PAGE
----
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OpinionOpen Access

Dual Role of Interleukin-37 As an Anti-Inflammatory and A Regulatory Cytokine In EAE

Volume 4 - Issue 1

Qi Xin, Lingyun Li, Zhong Huang and Zhangbo Chen*

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    • Department of Pathogen Biology and Immunology, Shenzhen University School of Medicine, China

    *Corresponding author:Zhangbo Chen, Department of Pathogen Biology and Immunology, Shenzhen University School of Medicine, Nanhai Avenue 3688, Shenzhen 518060, Guangdong, China

Received: April 13, 2018;   Published: April 25, 2018

DOI: 10.26717/BJSTR.2018.04.000997

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Interleukin 37 (IL-37) was known as IL-1F7 before Nold and his colleagues renamed it. Nold believed that IL-37 which expressed on cells including macrophages or epithelial cells plays an anti-inflammatory effect under the condition of intracellular and extracellular. IL-37 almost completely suppresses the production of pro-inflammatory cytokines, whereas the abundance of these cytokines increased with silencing of endogenous IL-37 in human cells [1]. Most studies have now focused on the function of IL-37 as an anti-inflammatory cytokine, while other related functions are still being explored. An autoimmune disease is a condition in which the immune system attacks the body [2,3]. Recent research confirmed that IL-37 is associated with many autoimmune diseases such as systemic lupus erythematosus (SLE), rheumatoid arthritis (RA), inflammatory bowel disease (IBD), and multiple sclerosis (MS) [4-7]. These studies have shown that IL-37 could inhibit proinflammatory cytokines such as TNF-α, IL-1α, IL-1β, IL-6, G-CSF and GM-CSF [1-3].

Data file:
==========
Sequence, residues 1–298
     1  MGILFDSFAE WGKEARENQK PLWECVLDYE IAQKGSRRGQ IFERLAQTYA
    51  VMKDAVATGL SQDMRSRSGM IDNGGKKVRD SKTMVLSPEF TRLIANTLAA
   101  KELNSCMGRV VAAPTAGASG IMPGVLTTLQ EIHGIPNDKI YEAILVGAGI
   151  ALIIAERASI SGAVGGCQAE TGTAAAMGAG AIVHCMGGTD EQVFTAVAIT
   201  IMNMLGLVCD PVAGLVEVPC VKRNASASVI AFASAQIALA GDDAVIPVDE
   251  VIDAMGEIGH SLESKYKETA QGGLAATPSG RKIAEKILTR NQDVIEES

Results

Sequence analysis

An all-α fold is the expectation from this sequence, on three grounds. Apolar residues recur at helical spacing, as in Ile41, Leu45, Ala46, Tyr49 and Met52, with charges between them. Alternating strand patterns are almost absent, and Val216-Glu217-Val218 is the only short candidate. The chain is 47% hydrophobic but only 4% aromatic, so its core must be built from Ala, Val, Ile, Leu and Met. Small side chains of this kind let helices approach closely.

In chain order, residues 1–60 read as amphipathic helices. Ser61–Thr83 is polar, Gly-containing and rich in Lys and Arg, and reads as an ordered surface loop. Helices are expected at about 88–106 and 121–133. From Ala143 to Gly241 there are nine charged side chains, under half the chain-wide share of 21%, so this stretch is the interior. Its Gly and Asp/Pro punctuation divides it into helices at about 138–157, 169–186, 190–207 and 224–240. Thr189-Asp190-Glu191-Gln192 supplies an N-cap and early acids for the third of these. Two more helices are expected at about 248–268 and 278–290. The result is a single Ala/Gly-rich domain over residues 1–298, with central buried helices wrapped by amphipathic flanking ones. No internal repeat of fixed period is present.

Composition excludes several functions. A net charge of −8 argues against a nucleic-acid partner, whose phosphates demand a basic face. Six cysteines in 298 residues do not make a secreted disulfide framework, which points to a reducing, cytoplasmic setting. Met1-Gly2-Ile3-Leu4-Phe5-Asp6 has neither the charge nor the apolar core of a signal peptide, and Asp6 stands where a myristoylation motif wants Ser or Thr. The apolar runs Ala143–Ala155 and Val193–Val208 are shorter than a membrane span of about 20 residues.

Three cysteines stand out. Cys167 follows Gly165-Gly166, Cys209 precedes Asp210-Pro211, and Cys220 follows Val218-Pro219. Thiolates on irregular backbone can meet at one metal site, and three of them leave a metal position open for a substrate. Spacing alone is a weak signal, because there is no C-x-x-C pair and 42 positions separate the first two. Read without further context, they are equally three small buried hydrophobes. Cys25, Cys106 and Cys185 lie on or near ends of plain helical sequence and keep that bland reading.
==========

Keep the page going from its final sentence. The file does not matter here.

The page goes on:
Abbreviations: SLE: Systemic Lupus Erythematosus; RA: Rheumatoid Arthritis; IBD: Inflammatory Bowel Disease; MS: Multiple Sclerosis; EAE: Experimental Allergic Encephalomyelitis; GM-CSF: Granulocyte Macrophage Colony Stimulating Factor

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